Monday, April 14, 2014


President Sends Passover Greetings

The White House issued a statement from the President (full text) today sending greetings from himself and Michelle to all those celebrating Passover. Passover begins this evening.  Mr. Obama announced that, as in past years of his Presidency, on Tuesday he will be joining friends and loved ones at a Seder. His statement spoke both of the meaning of Passover and, in light of yesterday's shootings in Kansas, of the need to combat ignorance and intolerance, including anti-Semitism, that can lead to violence.

President Hosts Easter Prayer Breakfast

This morning, President Obama hosted religious leaders at the White House for his 5th annual Easter Prayer Breakfast marking the beginning of Holy Week. (Press release and video of remarks).  He began his remarks (full text) by speaking of the shootings in Kansas City yesterday. He then went on:
So this Easter Week, of course we recognize that there’s a lot of pain and a lot of sin and a lot of tragedy in this world, but we’re also overwhelmed by the grace of an awesome God.  We’re reminded how He loves us, so deeply, that He gave his only begotten Son so that we might live through Him.  And in these Holy Days, we recall all that Jesus endured for us -- the scorn of the crowds and the pain of the crucifixion, in our Christian religious tradition we celebrate the glory of the Resurrection -- all so that we might be forgiven of our sins and granted everlasting life. 
He went on to speak about his recent meeting with Pope Francis, and to thank religious leaders in the audience for their good works, including participation in the My Brother's Keeper initiative.

U.S. Delegation To Canonization Mass Named

Last Friday the White House announced the makeup of the Presidential Delegation to the Holy See which will attend the Canonization Mass of Pope John XXIII and Pope John Paul II on April 27, 2014.  The delegation will be led by Presidential Counselor John Podesta. Other members of the delegation are Rep. Xavier Becerra, Chairman of the House Democratic Caucus; and Katie Beirne Fallon, Assistant to the President and Director of Legislative Affairs.

Recent Articles of Interest

From SSRN:
From SmartCILP:

Italian Court Orders Recognition of Same-Sex Marriage Performed In New York

In Italy for the first time last Thursday, a court ordered the recognition of a same-sex marriage.  UPI reports that a judge in Grosetto ordered the local registry to record the marriage of two men who were married in a civil ceremony in New York in 2012. The court said that the Italian civil code "contains no reference to sex in relation to the requisites" for marriage. The Italian Bishops' Conference issued a statement saying that the ruling raises serious questions.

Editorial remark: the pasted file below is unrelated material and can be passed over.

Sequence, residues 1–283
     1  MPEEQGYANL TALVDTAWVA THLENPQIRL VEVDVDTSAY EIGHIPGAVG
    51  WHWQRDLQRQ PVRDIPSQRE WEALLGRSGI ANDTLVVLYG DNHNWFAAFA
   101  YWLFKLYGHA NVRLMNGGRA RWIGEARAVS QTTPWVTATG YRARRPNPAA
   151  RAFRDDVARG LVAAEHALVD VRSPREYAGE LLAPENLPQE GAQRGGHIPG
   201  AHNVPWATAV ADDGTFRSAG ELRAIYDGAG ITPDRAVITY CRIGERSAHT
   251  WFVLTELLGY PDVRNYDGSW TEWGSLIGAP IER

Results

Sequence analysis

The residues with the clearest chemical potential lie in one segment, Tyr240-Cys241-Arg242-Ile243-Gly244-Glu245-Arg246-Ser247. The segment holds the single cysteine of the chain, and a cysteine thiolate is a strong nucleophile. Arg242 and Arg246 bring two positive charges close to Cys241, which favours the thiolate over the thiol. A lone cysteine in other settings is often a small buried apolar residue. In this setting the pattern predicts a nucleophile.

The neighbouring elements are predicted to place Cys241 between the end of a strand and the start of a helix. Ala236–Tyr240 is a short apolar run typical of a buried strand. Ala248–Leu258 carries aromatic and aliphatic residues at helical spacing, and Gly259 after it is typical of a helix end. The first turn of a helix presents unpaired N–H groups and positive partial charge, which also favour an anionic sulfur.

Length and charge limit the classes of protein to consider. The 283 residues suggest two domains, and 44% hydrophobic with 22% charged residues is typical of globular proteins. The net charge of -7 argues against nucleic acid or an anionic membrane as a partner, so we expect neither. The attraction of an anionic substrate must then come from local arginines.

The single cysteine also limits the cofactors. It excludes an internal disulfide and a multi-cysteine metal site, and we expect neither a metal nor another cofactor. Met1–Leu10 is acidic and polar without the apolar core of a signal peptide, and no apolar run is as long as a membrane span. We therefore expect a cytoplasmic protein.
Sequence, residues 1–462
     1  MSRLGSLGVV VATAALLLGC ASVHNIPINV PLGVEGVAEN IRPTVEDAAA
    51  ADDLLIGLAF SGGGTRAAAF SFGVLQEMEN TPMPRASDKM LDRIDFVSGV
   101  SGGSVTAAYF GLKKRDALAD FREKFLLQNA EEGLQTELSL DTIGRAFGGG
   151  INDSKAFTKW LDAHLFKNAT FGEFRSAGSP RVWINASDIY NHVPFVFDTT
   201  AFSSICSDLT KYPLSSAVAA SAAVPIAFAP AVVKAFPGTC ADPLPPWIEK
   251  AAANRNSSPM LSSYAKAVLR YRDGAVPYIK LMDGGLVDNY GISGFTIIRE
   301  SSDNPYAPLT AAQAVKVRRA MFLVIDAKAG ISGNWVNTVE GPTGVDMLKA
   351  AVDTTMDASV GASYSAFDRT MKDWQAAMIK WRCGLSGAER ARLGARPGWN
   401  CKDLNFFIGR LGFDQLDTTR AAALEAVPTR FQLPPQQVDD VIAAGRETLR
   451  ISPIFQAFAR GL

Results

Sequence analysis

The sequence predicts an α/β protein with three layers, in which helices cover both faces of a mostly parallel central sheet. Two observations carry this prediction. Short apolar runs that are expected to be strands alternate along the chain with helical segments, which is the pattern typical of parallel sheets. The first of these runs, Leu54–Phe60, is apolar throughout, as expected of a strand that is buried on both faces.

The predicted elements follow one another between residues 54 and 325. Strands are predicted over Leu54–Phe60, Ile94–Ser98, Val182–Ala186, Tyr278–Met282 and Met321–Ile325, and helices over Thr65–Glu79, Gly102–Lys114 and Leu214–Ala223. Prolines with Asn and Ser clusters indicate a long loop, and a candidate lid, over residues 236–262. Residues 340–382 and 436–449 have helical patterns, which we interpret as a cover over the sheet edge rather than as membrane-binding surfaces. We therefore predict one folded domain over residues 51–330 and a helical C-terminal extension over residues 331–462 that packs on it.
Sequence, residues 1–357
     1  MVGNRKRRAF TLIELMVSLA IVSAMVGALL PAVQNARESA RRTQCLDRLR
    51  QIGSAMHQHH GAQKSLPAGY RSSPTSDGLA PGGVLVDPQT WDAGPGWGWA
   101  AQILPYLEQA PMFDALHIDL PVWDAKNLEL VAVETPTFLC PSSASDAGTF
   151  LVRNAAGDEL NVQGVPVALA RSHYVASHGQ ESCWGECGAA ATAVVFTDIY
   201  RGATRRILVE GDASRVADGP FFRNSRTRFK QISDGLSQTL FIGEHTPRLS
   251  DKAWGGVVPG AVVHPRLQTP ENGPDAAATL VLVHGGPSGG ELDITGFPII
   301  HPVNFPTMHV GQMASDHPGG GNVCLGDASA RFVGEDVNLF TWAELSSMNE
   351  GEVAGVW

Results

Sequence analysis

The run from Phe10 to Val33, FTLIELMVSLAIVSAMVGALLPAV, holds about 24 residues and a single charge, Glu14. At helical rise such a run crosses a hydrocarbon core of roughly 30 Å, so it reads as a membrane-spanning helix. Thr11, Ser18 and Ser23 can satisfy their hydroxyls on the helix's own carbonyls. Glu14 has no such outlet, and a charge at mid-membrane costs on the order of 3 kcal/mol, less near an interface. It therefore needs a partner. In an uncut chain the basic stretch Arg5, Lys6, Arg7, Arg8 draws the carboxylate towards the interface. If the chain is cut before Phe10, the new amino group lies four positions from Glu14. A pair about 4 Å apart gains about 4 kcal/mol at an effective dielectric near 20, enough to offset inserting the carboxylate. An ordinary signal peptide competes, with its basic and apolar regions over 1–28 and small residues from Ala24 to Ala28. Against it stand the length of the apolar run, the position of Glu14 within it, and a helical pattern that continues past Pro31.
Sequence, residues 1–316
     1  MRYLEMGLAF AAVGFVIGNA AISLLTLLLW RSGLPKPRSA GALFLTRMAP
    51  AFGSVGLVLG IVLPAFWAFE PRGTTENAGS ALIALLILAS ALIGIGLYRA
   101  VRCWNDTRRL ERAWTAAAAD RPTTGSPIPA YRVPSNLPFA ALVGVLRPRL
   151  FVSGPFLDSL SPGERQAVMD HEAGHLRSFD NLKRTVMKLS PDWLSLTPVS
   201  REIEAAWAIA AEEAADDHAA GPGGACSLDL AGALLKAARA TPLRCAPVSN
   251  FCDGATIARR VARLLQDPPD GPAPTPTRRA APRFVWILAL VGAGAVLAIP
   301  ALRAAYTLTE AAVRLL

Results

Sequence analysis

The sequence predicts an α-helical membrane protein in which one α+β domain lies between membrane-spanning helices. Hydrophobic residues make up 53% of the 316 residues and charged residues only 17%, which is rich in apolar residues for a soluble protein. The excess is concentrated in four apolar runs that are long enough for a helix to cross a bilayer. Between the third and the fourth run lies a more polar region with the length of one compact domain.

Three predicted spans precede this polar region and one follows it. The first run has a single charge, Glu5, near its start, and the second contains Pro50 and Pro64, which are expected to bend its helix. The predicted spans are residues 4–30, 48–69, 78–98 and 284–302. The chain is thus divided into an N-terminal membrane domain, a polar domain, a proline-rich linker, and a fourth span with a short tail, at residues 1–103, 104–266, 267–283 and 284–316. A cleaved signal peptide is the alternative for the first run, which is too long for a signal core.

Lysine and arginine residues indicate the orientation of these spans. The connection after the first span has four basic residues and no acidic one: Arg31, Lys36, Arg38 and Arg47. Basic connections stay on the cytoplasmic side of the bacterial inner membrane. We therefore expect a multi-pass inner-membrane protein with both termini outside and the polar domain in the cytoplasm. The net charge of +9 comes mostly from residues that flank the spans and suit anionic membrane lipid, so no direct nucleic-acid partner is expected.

Maryland County Will Obey Injunction on Christian Prayer

Last Tuesday, a week after a contempt of court motion was filed against members of the Carroll County, Maryland Board of Commissioners for violating a court order barring them from using specific Christian references in Council invocations, the Board by a vote of 3-2 adopted a resolution to obey the court's order, at least while the case is in litigation.  Christian Post reports that unedr the resolution, only Board President Dave Roush will present the invocation. He may still refer to "God," "Heavenly Father," "God of Abraham," or similar phrases, but will not use the name "Jesus."  One of the two commissioners voting against the motion, Richard Rothschild, complained: "[T]his resolution asked me to refuse to acknowledge the Son of God. In my judgment, this resolution asked me to, in effect, disown him.... Censorship is not freedom."

Sunday, April 13, 2014

Battle Over Estate Raises Issues of Religious Marriage and Interfaith Relations

Estate of Chaim Weisberg, (NY Surr. Ct., April 8, 2014), is a suit over competing claims to administer an estate.  Its underlying narrative offers a fascinating glimpse into religious relationships in the United States.  Chaim Weisberg, who came from an Orthodox Jewish family and apparently continued to practice Judaism, died without a will on Aug. 29, 2012.  His mother (through her daughter as her designee) asserts that Weisberg was unmarried, while Jannah Geaney claims to be Weisberg's wife. Each claims to be the sole distributee of Weisberg's estate and filed competing petitions for administration.